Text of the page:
Kiddosphere: Reading With Dad: Books for Father’s Day
If your Father’s Day plans include some down time with the kids, why not pick up a few titles that celebrate the special bond between father and child? We have so many terrific books about fathers that I had a hard time whittling down my list to a manageable size!
I’m happy to see more worthwhile books that acknowledge the positive contributions that stepparents can bring to a child’s life; Dad and Pop: An Ode to Fathers and Stepfathers is a sweet and affirming tribute to the importance of a young girl’s father and stepfather in her life.
The Favorite Daughter is probably my top favorite story by Allen Say; based on his real-life experience with his daughter, this sweet story about a young girl struggling with her biracial heritage and her father’s patience and gentle guidance is a gem.
We just received Lily’s Cat Mask only a few days ago, and it’s already a hit with our patrons (who can resist that cover?). Lily adores her cat mask and takes it everywhere, which is a problem when she starts school. Luckily, Dad comes up with a great solution! This is also a great story about a biracial child (mom is Caucasian, dad is African-American).
Tell Me a Tattoo Story was one of my favorite 2016 picture books. There’s not much story; just a dad telling his son about his tattoos, all of which represent important times in dad’s life.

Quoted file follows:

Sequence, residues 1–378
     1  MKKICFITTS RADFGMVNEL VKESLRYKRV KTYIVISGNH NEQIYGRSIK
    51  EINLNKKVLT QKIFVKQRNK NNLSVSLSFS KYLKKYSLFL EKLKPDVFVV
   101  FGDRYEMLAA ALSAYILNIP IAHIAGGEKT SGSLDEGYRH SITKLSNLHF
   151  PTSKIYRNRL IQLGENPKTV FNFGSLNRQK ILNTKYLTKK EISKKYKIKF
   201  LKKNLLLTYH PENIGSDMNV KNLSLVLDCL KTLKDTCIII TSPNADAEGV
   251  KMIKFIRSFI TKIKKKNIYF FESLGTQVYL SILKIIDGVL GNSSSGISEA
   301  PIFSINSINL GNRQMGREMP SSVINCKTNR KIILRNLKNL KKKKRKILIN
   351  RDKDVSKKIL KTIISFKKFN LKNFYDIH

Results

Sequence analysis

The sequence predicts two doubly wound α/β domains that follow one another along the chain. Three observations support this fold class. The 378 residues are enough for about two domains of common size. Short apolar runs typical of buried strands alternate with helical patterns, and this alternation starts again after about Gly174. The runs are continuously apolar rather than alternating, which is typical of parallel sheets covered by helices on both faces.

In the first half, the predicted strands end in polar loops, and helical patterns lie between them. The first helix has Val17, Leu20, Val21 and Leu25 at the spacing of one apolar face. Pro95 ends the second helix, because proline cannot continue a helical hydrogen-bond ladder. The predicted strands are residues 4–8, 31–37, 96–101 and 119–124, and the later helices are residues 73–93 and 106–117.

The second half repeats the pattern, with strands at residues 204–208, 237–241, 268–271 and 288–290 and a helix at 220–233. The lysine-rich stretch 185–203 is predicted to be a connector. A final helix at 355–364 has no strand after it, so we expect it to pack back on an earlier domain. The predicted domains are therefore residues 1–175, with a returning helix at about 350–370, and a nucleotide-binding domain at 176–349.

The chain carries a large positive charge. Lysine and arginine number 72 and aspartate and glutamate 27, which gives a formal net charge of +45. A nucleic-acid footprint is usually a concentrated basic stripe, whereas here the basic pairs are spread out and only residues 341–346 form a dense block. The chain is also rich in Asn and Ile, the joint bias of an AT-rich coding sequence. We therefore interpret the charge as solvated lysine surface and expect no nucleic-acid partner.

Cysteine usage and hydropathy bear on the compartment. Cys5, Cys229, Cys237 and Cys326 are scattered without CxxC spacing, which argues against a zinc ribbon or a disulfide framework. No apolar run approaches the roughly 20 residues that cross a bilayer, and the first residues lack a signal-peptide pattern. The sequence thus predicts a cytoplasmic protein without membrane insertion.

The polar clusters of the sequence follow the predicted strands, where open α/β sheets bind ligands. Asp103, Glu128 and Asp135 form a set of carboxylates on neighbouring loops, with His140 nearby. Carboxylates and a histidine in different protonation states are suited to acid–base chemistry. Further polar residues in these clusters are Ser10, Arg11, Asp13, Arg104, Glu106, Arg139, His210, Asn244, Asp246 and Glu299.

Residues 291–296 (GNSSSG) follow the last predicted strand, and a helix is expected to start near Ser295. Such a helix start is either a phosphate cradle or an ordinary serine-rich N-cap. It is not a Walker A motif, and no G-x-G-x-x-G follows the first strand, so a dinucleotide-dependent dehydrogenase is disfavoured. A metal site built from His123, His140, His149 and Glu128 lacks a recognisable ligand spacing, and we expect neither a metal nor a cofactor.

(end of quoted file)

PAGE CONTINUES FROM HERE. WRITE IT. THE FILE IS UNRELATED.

If it weren’t for the fact that the author and illustrator of Town is by the Sea are both Canadian citizens and residents, I would rank this near the top of my 2017 Caldecott picks (requirements for the Caldecott and Newbery include US residency). It’s longer and more sophisticated than your regular 32 page picture book, but this story about a young boy thinking about his father deep in the coal mines is poignant and beautiful.
Want some chapter books about great dads? Consider these awesome reads:
Fortunately, the Milk is one of my favorite Neil Gaiman stories. A father’s tale about being abducted by aliens while picking up milk for his children’s breakfast is funny, charming, and a great light science fiction read for beginning chapter book readers.
There are very few books that I reread; I just have so many books that I want to get to that rereading is not a priority. However, I often reread Ramona and Her Father during the Christmas season (it begins in September and ends with the sisters participating in a Nativity play). Although this was published 40 years ago, the upheaval of Mr. Quimby’s unemployment and the family’s struggles remain relevant, balanced against powerful family moments, both big and small.
Road Trip is a sequel of sorts to Field Trip, but it doesn’t matter which book you read first. The father-son relationship is more prominent in “Road Trip,” which is why I’m featuring it; like many father-son relationships during the preteen years, Ben and his dad don’t always see eye to eye. When they embark on a road trip to rescue a border collie puppy, their relationship is tested and strengthened during the trip’s crazy adventures. This is written by real-life father and son authors, Gary Paulsen and Jim Paulsen (the chapters alternate between Ben’s perspective and family dog Atticus’s perspective), which adds a fun touch.
Happy Father’s Day!
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∼ Jennifer Schultz, Youth Services Librarian, Fauquier County Public Library